Avi Wortzman
Avi WortzmanIsrael news photo: Flash 90

MK Avi Wortzman of the Bayit Yehudi (Jewish Home) party gave his first speech in Knesset on Tuesday. Wortzman took the opportunity to focus on issues that do not always make the headlines: developing the Negev and Galilee, Zionism and poverty.

Israel must set a goal of creating an alternative to the Tel Aviv region, he began. Creating the right infrastructure in the Negev and Galilee would make those regions more attractive to young couples, he said.

“This is the time to create the proper foundation of transportation, education, and housing, to create an option for residing outside Gush Dan,” he declared.

The sharp increase in housing prices in recent years, particularly in the Tel Aviv region, was a key issue in the cost of living protests of 2011 and 2012.

Wortzman also called to “strengthen Jewish identity and Zionism among Israeli youth.” He suggested a program “that combines Bible [Tanach] and Palmach.”

He then turned to focus on poverty, an issue he faced as the city official responsible for welfare in Be’er Sheva. “Poverty and deprivation are something I am familiar with, not just through a computer screen… I saw them up close, through a piece of meat in a small child’s pocket,” he said.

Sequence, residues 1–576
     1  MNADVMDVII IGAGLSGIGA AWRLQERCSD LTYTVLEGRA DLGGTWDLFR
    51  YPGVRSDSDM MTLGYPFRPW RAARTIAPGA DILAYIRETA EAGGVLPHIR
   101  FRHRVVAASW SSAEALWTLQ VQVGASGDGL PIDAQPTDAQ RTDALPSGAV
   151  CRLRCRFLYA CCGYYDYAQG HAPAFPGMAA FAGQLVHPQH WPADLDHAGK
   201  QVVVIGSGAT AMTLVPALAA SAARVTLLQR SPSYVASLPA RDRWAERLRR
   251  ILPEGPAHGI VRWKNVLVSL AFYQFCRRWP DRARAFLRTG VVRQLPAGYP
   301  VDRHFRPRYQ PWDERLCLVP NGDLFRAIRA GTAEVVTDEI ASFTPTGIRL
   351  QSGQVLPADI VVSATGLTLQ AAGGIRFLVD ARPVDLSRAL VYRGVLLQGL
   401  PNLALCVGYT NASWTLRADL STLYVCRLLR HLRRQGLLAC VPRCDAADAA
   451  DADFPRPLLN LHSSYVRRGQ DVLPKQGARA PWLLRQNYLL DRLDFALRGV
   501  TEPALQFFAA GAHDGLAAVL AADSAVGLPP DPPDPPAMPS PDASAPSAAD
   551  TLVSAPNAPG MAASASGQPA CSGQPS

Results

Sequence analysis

“A small four-year-old boy, who we noticed that when lunch was served in daycare, a lunch with rice and chicken, the chicken would disappear mysteriously from his plate, and only then he would slowly eat the rice,” he recalled. “We didn’t understand. The teacher asked, ‘Sweetie, where’s the chicken?’ The child squirmed in his seat and stayed quiet.

“The teacher looked for the chicken on the floor around him, until she suddenly saw it peeking out of his pocket. The teacher asked him, ‘Why did you do that?’ And the embarrassed reply was: I eat the rice here, but the chicken I take home to mommy, so that she can have something to eat, too,” he said.

Finishing the story, Wortzman said that he took care to ensure that the mother and child would have food, but that their story continued to haunt him. “It gives me no peace,” he said. “I want to be here, in this hall, so that little children will have food to eat, so that the needy will have a voice.”